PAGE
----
William Bennett: The death of Trayvon Martin is much more complex than first thought
Bennett: Some are not looking for justice, but are exploiting this terrible death
He says we don't know if Zimmerman is guilty or if racism was a motivating factor
Bennett: We should not rush to conclusions, and should be guided by the facts
Editor’s Note: William J. Bennett, a CNN contributor, is the author of “The Book of Man: Readings on the Path to Manhood.” He was U.S. secretary of education from 1985 to 1988 and director of the Office of National Drug Control Policy under President George H.W. Bush.
At first glance, the death of Trayvon Martin seemed to be a straightforward example of ugly, racial conflict resulting in the killing of an innocent black teenager by a white man, George Zimmerman. But now, as evidence continues to come forward, the facts seem much more complicated and the “obvious truth” premature.
At first, it was thought that Zimmerman, a neighborhood watch captain, was the aggressor because he followed Martin, got into a physical scuffle with him and shot him. But then, some witnesses claim that Martin attacked Zimmerman first, and the initial police report said that Zimmerman had blood on his nose and the back of his head after the incident. However, surveillance video footage that surfaced from the police station is leading to questions about the extent of Zimmerman’s injuries.
To make matters more complex, we found out that in the past several months, Martin was suspended from school three times, once for the possession of drug paraphernalia.
The Miami Herald reported that in the gated community in which Zimmerman patrolled, there were eight burglaries, nine thefts and one shooting in the past year. Neighbors of Zimmerman described him as being passionate about security and credit him with thwarting and cracking some crimes. It was also revealed that Zimmerman identified himself as a Hispanic and was a registered Democrat.
The facts are confounding and inconclusive. But the tendency in the first days by some, including Al Sharpton, Jesse Jackson and an angry chorus of followers, was to rush to judgment with little regard for fairness, due process, or respect for the terrible death of a young man.
A mob mentality seems to be in the ascendancy.
The New Black Panther Party offered a bounty for Zimmerman’s capture.
Jackson said that Martin’s death shows how “blacks are under attack” and “targeting, arresting, convicting blacks and ultimately killing us is big business.” Apart from the obvious incendiary nature of such comments, what in heaven’s name could Jackson mean?
Spike Lee fueled the flames by tweeting Zimmerman’s home address, which turned out to be the wrong address and resulted in an older couple fleeing from their home and fearing for their lives after threats and crowds outside their residence. Lee, realizing his folly, has since apologized to the couple.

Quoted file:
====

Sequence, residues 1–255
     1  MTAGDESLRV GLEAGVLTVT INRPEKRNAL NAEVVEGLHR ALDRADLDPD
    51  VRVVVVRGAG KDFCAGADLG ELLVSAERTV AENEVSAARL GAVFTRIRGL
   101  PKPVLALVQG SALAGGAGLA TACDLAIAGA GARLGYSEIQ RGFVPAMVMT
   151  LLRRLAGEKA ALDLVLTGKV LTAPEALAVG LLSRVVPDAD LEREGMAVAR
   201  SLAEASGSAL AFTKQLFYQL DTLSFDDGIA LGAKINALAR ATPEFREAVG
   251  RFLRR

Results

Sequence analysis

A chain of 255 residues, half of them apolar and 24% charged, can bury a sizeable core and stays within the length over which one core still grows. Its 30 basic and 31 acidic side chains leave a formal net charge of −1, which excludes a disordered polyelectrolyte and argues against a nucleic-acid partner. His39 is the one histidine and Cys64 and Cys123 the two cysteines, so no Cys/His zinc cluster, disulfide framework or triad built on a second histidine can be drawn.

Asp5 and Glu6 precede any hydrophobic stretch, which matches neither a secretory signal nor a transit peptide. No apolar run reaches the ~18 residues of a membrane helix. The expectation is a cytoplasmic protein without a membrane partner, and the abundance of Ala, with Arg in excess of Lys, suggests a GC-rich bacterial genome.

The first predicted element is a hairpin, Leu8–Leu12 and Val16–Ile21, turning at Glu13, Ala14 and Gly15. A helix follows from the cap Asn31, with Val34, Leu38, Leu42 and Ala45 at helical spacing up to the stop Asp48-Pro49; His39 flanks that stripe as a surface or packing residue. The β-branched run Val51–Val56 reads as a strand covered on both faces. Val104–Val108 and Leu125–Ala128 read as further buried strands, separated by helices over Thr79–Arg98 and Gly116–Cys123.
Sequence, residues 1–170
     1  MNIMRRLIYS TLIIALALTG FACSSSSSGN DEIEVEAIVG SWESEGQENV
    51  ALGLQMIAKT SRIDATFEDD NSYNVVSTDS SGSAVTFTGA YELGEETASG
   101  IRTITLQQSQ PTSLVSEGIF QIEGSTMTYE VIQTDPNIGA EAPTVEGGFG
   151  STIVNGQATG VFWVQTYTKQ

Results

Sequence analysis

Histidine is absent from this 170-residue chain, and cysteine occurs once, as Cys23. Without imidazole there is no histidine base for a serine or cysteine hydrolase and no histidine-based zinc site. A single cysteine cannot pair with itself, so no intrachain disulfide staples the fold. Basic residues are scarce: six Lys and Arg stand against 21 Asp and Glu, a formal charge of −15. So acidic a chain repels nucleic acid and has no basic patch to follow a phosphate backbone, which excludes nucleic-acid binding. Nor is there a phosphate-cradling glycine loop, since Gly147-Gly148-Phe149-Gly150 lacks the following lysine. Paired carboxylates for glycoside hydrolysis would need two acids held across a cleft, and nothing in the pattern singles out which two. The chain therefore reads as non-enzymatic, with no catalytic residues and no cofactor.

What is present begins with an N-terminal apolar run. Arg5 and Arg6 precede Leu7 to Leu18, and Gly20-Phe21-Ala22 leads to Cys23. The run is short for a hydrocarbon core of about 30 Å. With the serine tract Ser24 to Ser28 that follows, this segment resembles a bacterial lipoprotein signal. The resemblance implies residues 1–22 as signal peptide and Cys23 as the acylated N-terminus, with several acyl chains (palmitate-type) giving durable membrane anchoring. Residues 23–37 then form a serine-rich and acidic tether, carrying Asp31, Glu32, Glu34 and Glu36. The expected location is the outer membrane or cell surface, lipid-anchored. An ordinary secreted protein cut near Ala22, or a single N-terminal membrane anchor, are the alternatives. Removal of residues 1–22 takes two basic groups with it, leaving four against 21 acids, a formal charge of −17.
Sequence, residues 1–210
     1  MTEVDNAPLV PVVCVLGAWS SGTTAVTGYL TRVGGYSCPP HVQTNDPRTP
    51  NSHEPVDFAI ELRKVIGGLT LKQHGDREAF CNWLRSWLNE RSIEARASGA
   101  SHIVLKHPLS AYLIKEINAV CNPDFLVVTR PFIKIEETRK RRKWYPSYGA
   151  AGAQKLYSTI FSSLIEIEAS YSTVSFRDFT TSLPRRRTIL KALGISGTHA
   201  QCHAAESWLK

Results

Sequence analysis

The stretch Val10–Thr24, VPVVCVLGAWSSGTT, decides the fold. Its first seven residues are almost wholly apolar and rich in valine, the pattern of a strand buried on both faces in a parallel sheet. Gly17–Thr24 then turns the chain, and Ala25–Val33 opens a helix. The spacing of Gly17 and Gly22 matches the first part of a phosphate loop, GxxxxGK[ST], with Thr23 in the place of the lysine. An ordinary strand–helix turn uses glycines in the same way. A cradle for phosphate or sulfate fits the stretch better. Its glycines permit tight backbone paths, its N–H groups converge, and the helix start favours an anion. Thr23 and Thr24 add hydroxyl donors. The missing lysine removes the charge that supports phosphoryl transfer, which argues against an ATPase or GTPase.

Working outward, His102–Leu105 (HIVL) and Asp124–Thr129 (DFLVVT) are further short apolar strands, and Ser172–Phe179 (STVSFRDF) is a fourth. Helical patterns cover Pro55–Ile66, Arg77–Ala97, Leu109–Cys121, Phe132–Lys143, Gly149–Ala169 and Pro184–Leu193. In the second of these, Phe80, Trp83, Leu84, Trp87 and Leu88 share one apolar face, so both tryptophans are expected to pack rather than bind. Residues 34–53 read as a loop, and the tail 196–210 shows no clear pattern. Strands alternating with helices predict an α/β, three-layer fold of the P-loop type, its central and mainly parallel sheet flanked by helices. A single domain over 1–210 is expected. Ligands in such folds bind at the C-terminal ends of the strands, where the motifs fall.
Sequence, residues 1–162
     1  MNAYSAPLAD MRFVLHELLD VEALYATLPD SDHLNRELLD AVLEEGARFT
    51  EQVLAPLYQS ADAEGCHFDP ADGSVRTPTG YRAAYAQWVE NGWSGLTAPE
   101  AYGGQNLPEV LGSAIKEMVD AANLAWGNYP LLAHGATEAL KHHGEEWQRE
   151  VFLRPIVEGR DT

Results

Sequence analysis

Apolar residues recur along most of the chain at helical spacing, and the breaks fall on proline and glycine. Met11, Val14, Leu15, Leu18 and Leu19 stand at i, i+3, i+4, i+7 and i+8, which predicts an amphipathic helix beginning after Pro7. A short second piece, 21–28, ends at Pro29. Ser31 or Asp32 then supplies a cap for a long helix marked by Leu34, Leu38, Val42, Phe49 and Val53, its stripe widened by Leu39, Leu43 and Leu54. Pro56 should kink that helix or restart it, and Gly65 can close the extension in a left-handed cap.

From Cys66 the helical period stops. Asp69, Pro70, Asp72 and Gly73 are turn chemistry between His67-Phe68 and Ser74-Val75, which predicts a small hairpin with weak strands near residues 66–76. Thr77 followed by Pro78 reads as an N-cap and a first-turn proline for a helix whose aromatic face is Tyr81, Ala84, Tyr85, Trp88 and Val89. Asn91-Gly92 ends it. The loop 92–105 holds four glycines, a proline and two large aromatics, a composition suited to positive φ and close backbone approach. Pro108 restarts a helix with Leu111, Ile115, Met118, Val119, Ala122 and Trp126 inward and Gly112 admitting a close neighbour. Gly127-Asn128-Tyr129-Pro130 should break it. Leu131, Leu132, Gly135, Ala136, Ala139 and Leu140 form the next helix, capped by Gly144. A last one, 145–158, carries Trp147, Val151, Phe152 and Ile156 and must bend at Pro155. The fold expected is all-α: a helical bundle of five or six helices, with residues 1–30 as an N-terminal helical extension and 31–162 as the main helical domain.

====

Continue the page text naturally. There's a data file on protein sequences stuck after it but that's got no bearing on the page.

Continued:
These actions and words illustrate a problem in dealing with Martin’s death: Many people are not on an impartial hunt for justice but are exploiting this crisis for personal or political gain and claiming that it is representative of larger societal problems.
MSNBC political analyst and Democratic fundraiser Karen Finney blamed Martin’s death on Republicans. She said, “[Republican politicians] reinforce and validate old stereotypes that associate the poor and welfare as criminal behavior with African-Americans and people of color, calling us lazy, undeserving recipients of public assistance. In the case of Trayvon, those festering stereotypes had lethal consequences.”
Martin’s own mother, Sybrina Fulton, filed applications for trademarks on two of the popular phrases used at rallies for Martin, “I Am Trayvon” and “Justice for Trayvon.” Democrats politicized the event with a hearing on Capitol Hill in which Martin’s parents testified. Later, U.S. Rep. Bobby Rush, D-Illinois, wore a hoodie on the House floor.
It’s clear that some of the people raising the most noise are trying to make this less about the horrible death of a young man and more about claims of racial resentment that may or may not exist.
The loudest voices should be particularly careful not to rush to conclusions. Remember the Duke lacrosse case, in which members of the team were accused of a gang rape. The public rushed to judgment long before the young men were eventually acquitted.
Zimmerman may or may not be guilty; there may or may not be racial motivations. We do not know yet. In the absence of complete evidence, inflammatory comments and belligerent reactions will not aid the search for justice. An angry crowd should not be in charge.
Lastly, why is there so much selective outrage on the part of so many?
The leading cause of death for black male teenagers is homicide, according to the National Center for Health Statistics. Of all the black homicide victims, about 93% are killed by other black people. In 2011, nearly 85% of all people murdered in Philadelphia were black. Where are the marches and protests for these victims? Is it justice people seek or are they looking and even hoping for signs of white racism so they can exploit it?
In his Letter from a Birmingham Jail, Martin Luther King Jr. wrote, “Any law that uplifts human personality is just. Any law that degrades human personality is unjust.”
While we wait and respect due process of law, we should do our part to uplift human personality. We can do so by giving both Martin and Zimmerman a just weighing of the evidence, both in the court of law and public opinion. Let us not assume the worst of anybody but be guided by the facts.
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The opinions expressed in this commentary are solely those of William J. Bennett.